However, in a recent paper published in Environmental Microbiology, Dr Carla Pruzzo, Dr Luigi Vezzulli and Dr Rita R Colwell studied an environmental bacteria and it’s interaction with the environment and found that this provided them with vast amounts of information about how the organism causes disease.
The organism they studied was Vibrio cholerae – responsible for causing Cholera. In the aquatic environment this bacteria interacts with chitin, a naturally-occurring compound found in the cell walls of fungi, and in the exoskeleton of crustaceans and insects. This interaction in the aquatic environment was found to play a large part in determining how the organism survives, how it is spread and how it infects humans.
Dr Vezulli, one author of the study said:
“This knowledge provides a new framework for the understanding of the role of the non-human environment in affecting the spread of environmental disease-causing bacteria (pathogens), their evolutionary derivation and the way they infect humans to cause disease. This, in turn, can be applied to improve current approaches to risk assessments and epidemiology of infectious disease and to develop new responses for combating pathogens in the environment.”
Lucy Mansfield | alfa
The personality factor: How to foster the sharing of research data
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Europe’s Demographic Future. Where the Regions Are Heading after a Decade of Crises
10.08.2017 | Berlin-Institut für Bevölkerung und Entwicklung
Controlling electronic current is essential to modern electronics, as data and signals are transferred by streams of electrons which are controlled at high speed. Demands on transmission speeds are also increasing as technology develops. Scientists from the Chair of Laser Physics and the Chair of Applied Physics at Friedrich-Alexander-Universität Erlangen-Nürnberg (FAU) have succeeded in switching on a current with a desired direction in graphene using a single laser pulse within a femtosecond ¬¬ – a femtosecond corresponds to the millionth part of a billionth of a second. This is more than a thousand times faster compared to the most efficient transistors today.
Graphene is up to the job
At the productronica trade fair in Munich this November, the Fraunhofer Institute for Laser Technology ILT will be presenting Laser-Based Tape-Automated Bonding, LaserTAB for short. The experts from Aachen will be demonstrating how new battery cells and power electronics can be micro-welded more efficiently and precisely than ever before thanks to new optics and robot support.
Fraunhofer ILT from Aachen relies on a clever combination of robotics and a laser scanner with new optics as well as process monitoring, which it has developed...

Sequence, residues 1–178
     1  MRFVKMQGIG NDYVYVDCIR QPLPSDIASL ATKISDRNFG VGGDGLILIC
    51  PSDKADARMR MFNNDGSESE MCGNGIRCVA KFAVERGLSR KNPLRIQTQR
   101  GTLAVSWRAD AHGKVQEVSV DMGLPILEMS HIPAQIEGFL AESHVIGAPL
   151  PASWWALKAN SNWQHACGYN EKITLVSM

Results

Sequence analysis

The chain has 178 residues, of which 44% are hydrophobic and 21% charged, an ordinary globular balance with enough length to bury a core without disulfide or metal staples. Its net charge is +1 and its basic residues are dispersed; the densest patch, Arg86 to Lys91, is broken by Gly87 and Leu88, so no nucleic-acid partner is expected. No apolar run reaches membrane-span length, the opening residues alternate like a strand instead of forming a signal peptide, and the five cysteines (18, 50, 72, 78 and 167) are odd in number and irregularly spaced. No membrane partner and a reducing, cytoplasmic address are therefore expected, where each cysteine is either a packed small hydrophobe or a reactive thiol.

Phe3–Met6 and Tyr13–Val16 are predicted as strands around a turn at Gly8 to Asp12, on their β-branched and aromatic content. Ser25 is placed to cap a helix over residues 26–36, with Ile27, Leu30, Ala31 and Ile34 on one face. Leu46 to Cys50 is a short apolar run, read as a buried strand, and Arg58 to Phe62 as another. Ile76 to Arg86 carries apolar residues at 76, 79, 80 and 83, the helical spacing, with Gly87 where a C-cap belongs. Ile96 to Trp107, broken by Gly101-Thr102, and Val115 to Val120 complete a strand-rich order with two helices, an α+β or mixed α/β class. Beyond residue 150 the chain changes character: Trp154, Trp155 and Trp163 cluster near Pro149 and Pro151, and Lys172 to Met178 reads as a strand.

Plants and algae use the enzyme Rubisco to fix carbon dioxide, removing it from the atmosphere and converting it into biomass. Algae have figured out a way to increase the efficiency of carbon fixation. They gather most of their Rubisco into a ball-shaped microcompartment called the pyrenoid, which they flood with a high local concentration of carbon dioxide. A team of scientists at Princeton University, the Carnegie Institution for Science, Stanford University and the Max Plank Institute of Biochemistry have unravelled the mysteries of how the pyrenoid is assembled. These insights can help to engineer crops that remove more carbon dioxide from the atmosphere while producing more food.
A warming planet
Our brains house extremely complex neuronal circuits, whose detailed structures are still largely unknown. This is especially true for the so-called cerebral cortex of mammals, where among other things vision, thoughts or spatial orientation are being computed. Here the rules by which nerve cells are connected to each other are only partly understood. A team of scientists around Moritz Helmstaedter at the Frankfiurt Max Planck Institute for Brain Research and Helene Schmidt (Humboldt University in Berlin) have now discovered a surprisingly precise nerve cell connectivity pattern in the part of the cerebral cortex that is responsible for orienting the individual animal or human in space.
The researchers report online in Nature (Schmidt et al., 2017. Axonal synapse sorting in medial entorhinal cortex, DOI: 10.1038/nature24005) that synapses in...
Whispering gallery mode (WGM) resonators are used to make tiny micro-lasers, sensors, switches, routers and other devices. These tiny structures rely on a...
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